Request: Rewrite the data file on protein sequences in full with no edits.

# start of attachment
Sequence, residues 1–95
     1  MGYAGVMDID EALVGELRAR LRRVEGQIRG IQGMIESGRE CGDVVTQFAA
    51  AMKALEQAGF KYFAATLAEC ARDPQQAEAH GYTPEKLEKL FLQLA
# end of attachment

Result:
Sequence, residues 1–95
     1  MGYAGVMDID EALVGELRAR LRRVEGQIRG IQGMIESGRE CGDVVTQFAA
    51  AMKALEQAGF KYFAATLAEC ARDPQQAEAH GYTPEKLEKL FLQLA